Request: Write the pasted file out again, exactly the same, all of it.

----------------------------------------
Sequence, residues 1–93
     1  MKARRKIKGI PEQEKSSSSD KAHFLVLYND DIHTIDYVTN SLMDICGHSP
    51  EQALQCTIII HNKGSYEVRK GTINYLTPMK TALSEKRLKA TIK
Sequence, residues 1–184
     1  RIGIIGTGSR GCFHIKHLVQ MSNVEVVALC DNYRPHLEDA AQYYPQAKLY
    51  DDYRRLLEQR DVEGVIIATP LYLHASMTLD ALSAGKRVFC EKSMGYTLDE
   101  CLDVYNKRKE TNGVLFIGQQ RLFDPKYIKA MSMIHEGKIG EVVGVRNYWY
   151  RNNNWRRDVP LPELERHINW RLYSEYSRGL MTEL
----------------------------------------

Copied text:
Sequence, residues 1–93
     1  MKARRKIKGI PEQEKSSSSD KAHFLVLYND DIHTIDYVTN SLMDICGHSP
    51  EQALQCTIII HNKGSYEVRK GTINYLTPMK TALSEKRLKA TIK
Sequence, residues 1–184
     1  RIGIIGTGSR GCFHIKHLVQ MSNVEVVALC DNYRPHLEDA AQYYPQAKLY
    51  DDYRRLLEQR DVEGVIIATP LYLHASMTLD ALSAGKRVFC EKSMGYTLDE
   101  CLDVYNKRKE TNGVLFIGQQ RLFDPKYIKA MSMIHEGKIG EVVGVRNYWY
   151  RNNNWRRDVP LPELERHINW RLYSEYSRGL MTEL